Something you may have picked up on is that next week, Grand Central Publishing will release Why I Left Goldman Sachs: A Wall Street Story, by former employee Greg Smith. Should you buy the book? That depends on you ask. Some people, like the ones who made Smith famous, say no. Others, like those who enjoy vivid descriptions of a naked Lloyd Blankfein and edge-of-your-seat ping pong matches, would probably say yes. One group of people who’d prefer you save your money? Goldman Sachs. As previously mentioned, the bank embarked on a Discredit Greg Smith tour last month which has involved equating him with a first or second or third-year analyst who thinks people care about all the crazy stuff he or she was privy to when in fact it wasn’t crazy and no one does; leaking unflattering performance reviews that suggest he was “unrealistic” about his abilities and earnings potential; and generally painting a picture of someone who was a nobody at GS (“My first reaction [to hearing about his Op-Ed] was, who is he,” Edith Cooper, head of HR told Bloomberg TV this morning), who wrote his public resignation letter and book out of spite for not receiving the bonus he thought he deserved, and whose claims re: The Firm are baseless and not be trusted.
For the most part, a number of people– from current to former employees to those familiar but not intimately familiar with Goldman– have concurred with the bank’s assessment of young Greg. Of course, every now and then you have some individuals who speak out of turn, who threaten to fuck up the mission, and who should probably consider sleeping with one eye open.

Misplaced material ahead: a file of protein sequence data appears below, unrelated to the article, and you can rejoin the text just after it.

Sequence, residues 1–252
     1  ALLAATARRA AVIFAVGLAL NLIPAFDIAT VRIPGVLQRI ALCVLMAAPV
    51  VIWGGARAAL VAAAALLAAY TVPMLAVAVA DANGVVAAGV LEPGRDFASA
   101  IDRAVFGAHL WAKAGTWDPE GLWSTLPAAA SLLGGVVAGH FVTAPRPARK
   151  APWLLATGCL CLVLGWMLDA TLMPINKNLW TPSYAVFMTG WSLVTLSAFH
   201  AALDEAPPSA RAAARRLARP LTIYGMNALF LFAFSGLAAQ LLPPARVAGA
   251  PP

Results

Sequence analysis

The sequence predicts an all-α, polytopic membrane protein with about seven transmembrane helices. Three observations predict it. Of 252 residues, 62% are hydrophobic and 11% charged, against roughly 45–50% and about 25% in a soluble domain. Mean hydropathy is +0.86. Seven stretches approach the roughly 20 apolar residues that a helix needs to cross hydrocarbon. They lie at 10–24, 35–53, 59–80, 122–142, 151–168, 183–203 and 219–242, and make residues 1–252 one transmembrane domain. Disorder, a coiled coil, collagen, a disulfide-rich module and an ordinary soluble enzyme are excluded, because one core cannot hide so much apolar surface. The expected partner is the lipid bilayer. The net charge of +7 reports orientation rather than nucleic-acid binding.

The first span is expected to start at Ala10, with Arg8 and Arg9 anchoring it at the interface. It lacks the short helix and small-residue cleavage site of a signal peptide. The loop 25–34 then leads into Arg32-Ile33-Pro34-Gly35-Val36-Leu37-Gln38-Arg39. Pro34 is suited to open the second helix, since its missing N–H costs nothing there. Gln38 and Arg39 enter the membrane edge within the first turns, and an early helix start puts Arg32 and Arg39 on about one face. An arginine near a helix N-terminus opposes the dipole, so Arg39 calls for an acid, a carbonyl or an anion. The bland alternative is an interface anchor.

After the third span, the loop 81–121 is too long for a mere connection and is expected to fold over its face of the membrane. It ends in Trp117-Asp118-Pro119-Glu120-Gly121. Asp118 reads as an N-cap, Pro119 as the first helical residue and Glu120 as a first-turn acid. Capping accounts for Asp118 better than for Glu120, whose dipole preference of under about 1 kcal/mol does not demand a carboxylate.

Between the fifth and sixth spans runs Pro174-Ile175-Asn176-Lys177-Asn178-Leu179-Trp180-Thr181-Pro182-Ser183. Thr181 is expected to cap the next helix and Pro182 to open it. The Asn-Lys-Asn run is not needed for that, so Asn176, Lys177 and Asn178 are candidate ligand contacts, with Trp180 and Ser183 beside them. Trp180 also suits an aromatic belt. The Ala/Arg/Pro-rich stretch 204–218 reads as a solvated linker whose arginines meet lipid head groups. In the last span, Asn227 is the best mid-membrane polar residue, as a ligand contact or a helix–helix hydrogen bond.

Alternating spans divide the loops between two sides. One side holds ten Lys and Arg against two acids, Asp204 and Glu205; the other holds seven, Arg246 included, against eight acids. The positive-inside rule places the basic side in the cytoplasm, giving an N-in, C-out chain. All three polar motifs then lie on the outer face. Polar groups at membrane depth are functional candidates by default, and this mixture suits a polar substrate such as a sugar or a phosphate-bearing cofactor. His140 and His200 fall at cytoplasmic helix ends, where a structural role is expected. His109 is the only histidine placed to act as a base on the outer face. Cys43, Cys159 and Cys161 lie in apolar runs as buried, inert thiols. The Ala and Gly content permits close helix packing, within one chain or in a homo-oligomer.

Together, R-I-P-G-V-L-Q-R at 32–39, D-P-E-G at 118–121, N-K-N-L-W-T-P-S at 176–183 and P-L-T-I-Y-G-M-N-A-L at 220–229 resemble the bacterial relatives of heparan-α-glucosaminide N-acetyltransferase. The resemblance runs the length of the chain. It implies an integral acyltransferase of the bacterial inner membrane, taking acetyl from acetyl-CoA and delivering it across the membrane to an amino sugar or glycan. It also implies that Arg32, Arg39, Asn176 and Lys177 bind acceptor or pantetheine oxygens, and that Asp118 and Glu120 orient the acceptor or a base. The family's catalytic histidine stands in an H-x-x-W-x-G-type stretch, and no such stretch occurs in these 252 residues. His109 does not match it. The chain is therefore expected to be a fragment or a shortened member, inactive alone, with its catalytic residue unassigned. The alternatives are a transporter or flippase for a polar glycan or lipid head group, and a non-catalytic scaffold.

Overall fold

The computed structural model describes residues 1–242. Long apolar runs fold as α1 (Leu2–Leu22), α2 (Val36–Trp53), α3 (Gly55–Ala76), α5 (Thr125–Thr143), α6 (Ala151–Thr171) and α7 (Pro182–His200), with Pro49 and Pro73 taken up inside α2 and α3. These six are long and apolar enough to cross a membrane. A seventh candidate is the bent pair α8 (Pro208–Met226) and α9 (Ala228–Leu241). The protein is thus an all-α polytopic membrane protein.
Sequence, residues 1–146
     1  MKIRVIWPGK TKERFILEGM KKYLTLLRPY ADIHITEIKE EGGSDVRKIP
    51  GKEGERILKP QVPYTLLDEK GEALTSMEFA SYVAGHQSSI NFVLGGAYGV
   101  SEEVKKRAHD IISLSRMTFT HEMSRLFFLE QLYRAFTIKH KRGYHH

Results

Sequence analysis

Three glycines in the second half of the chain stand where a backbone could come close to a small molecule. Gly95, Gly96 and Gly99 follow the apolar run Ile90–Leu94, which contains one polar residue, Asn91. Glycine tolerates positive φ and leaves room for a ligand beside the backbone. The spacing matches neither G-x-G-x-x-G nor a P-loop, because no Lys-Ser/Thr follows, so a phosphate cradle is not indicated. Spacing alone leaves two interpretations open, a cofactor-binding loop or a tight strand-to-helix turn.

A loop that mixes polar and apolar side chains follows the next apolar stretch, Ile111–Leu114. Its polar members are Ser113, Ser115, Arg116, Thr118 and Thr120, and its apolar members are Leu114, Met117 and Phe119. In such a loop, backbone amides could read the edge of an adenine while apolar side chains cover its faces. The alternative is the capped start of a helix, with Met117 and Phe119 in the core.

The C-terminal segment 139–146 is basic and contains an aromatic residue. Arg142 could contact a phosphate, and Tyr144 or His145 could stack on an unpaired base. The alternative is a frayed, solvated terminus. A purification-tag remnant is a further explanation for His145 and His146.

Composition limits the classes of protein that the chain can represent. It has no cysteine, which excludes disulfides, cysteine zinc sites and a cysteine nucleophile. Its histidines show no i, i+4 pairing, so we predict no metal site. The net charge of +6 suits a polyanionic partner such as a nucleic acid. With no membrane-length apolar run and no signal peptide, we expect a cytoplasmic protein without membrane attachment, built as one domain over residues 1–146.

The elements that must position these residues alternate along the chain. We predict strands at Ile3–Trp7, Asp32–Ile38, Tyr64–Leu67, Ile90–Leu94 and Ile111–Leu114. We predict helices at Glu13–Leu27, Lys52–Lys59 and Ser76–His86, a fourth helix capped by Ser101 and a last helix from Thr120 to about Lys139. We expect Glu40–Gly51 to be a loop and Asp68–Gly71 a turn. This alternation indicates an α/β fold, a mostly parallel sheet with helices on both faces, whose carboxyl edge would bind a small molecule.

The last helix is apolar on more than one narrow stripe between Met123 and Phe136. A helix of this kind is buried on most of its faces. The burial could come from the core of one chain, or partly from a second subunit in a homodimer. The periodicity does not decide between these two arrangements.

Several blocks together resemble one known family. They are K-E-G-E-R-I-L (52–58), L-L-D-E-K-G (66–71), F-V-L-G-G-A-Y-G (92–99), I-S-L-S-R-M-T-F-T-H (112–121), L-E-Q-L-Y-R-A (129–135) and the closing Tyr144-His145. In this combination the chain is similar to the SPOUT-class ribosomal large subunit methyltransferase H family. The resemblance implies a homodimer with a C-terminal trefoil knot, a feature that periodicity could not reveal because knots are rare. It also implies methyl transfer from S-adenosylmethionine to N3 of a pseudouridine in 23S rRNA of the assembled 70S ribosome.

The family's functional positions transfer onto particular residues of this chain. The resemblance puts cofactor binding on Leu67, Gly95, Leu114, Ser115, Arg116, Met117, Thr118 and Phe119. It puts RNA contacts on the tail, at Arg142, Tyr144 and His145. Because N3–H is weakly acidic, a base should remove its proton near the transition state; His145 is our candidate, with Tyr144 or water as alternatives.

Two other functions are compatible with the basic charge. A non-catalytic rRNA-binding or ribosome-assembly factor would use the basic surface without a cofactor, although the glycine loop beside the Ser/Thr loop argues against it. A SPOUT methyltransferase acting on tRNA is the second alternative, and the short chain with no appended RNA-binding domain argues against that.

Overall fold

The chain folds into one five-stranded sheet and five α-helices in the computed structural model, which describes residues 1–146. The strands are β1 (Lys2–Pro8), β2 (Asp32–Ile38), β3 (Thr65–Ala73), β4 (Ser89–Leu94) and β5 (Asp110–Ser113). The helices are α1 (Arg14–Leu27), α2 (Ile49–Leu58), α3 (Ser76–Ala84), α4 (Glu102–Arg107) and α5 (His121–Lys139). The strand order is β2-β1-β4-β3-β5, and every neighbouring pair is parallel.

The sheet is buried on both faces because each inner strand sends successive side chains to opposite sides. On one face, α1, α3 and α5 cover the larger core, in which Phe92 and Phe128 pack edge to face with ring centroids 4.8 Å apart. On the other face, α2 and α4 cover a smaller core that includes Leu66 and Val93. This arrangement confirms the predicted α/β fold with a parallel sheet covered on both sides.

Greg Smith, who resigned from Goldman Sachs Group Inc. (GS) with a March 14 opinion piece criticizing the firm’s treatment of clients, told “60 Minutes” that he doesn’t think he betrayed the bank…There are a lot of people who acknowledge these things internally, but no one is willing to say it publicly,” Smith, who was a vice president when he left Goldman Sachs, said in the “60 Minutes” interview. “And my view was the only way you force people to change the system is by saying it publicly.”
Seven former Goldman Sachs partners and managing directors, positions that are more senior than vice president, said in March interviews that Smith shouldn’t be taken seriously because he was a junior employee and may have been disgruntled about his pay or career. All asked not to be identified because they didn’t want to risk ruining their relationship with the firm. Six of the seven said they agreed with Smith’s criticism of how the firm has treated clients under Chief Executive Officer Lloyd C. Blankfein, 58, and President Gary D. Cohn, 52, and that current members of the management committee would, too. Even so, they said they don’t expect the board of directors to take action or that anything will change because the bank has made money and outperformed most rivals.
What? He makes some excellent points with which you wholeheartedly agree but, uh, he should be ignored because he was only a VP? Do you hear yourself talking? This is what happens when you don’t stick to the script!
Goldman Sachs Op-Ed Wasn’t a ‘Betrayal,’ Smith Tells 60 Minutes [Bloomberg]
*And will be lucky if they’re not eating out of feeding tubes.